Cognition and Learning

by: Gerald Presley, Assistant Professor
College of Forestry – Wood Science & Engineering

Demian Hommel presented Week 6 of the Tuesday Teaching +Tech Talks on cognition and learning. This talk highlighted some techniques to effectively engage students and keep them interested in the course material. It also provided some background on Bloom’s taxonomy and how it relates to developing effective teaching methodologies. By the end of his presentation, Demian had provided the group with a variety of examples of teaching techniques designed to fill the “curiosity gap” among students and thus get them engaged in the learning process. I consider this to be the most valuable takeaway from his talk, and plan to employ these methods more often in my own teaching practice.

Demian laid the foundation for his talk by reviewing Bloom’s taxonomy in its revised form. The revised Bloom’s taxonomy highlights the dynamism in each educational objective by including action words to replace and accompany the original learning goals presented previously (Anderson, et al. 2001). Bloom’s taxonomy is a progression of steps of increasing cognitive complexity that describes the learning process. Students begin with remembering factual information, then move to comprehending or understanding the information presented by demonstrating their ability to use it in discussion. Once these are accomplished students apply learned concepts in problem solving and then identify patterns in the information they have learned. To progress further students must show the ability to synthesize this information into new ideas of their own making and then critically assess their own and other theories.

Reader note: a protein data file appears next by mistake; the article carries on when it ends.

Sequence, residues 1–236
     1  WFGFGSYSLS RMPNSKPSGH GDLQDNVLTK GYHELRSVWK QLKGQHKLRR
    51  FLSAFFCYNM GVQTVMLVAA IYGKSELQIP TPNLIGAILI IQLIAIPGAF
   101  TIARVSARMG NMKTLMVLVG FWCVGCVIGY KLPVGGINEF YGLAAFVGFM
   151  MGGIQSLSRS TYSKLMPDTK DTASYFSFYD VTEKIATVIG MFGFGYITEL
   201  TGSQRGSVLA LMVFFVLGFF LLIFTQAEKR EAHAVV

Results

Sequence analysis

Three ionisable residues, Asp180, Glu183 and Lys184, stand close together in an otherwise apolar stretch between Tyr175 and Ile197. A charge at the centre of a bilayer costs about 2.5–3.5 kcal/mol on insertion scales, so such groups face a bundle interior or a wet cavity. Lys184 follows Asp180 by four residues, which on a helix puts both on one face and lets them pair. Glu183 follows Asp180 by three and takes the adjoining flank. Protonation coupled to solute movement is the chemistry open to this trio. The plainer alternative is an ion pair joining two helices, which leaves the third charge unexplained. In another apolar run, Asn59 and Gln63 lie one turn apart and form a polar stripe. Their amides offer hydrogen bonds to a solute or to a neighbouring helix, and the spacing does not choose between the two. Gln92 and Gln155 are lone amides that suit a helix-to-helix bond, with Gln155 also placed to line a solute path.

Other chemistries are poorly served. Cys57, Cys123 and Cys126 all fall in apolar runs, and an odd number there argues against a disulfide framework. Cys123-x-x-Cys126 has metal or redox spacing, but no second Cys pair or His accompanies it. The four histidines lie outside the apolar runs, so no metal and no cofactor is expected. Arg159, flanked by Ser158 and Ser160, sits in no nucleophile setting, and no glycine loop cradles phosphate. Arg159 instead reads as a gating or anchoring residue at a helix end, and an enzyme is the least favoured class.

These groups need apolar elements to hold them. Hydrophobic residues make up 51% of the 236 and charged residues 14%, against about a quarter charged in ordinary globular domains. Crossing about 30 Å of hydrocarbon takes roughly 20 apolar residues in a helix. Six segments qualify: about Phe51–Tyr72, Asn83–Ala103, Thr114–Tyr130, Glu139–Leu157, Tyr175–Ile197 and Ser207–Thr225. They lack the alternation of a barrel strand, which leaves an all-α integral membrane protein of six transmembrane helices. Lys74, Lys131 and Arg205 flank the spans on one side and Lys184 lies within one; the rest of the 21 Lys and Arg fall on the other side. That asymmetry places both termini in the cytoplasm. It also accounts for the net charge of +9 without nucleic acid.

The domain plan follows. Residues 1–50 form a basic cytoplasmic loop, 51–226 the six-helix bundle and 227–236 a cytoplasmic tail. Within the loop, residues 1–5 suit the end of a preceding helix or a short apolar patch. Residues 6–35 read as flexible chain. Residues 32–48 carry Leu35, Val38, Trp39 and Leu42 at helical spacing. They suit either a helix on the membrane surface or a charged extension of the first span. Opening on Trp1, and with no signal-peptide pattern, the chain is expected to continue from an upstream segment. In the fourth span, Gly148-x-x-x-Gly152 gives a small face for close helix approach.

Demian described his efforts to pull student into this progression by using in-classroom student participation. He uses in-class surveys to test student knowledge before starting a lecture and then re-assessing student knowledge after teaching. While I have not started teaching yet, I plan on incorporating it into the lecture format, perhaps asking students to answer a survey questions only to return to with an answer later in the lecture.

Demian also described how he leverages student curiosity to drive interest in his lectures. I found this to be an interesting strategy that I could effectively use in my own lectures. The most compelling of these I found is how he got students invested in the subject matter by building up a story around global overpopulation and asking students a critical question, “what is the expected upper limit of the global human population?” He then continues to lecture in the topic area without divulging the answer but by dropping in clues that will cause the students to speculate and possibly change their answers. Finally, at the very end he includes the answer to the question after all of the course material is presented.

While the actual answer to the question is not very important to the material he is delivering, it draws students in and keeps them attentive throughout the lecture. This method can be used widely in different academic fields where facts relevant to politics or students’ everyday life can be used as leverage to focus their attention.

References

Anderson, Lorin W., Krathwohl, David R., and Bloom, Benjamin S. A Taxonomy for Learning, Teaching, and Assessing : a Revision of Bloom’s Taxonomy of Educational Objectives / Editors, Lorin W. Anderson, David Krathwohl ; Contributors, Peter W. Airasian … [et Al.]. Complete ed. New York: Longman. Print.

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